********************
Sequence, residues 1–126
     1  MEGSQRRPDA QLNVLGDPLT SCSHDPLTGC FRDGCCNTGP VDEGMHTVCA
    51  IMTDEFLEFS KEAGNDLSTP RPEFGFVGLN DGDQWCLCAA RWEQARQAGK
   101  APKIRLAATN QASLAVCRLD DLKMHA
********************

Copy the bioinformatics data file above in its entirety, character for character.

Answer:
Sequence, residues 1–126
     1  MEGSQRRPDA QLNVLGDPLT SCSHDPLTGC FRDGCCNTGP VDEGMHTVCA
    51  IMTDEFLEFS KEAGNDLSTP RPEFGFVGLN DGDQWCLCAA RWEQARQAGK
   101  APKIRLAATN QASLAVCRLD DLKMHA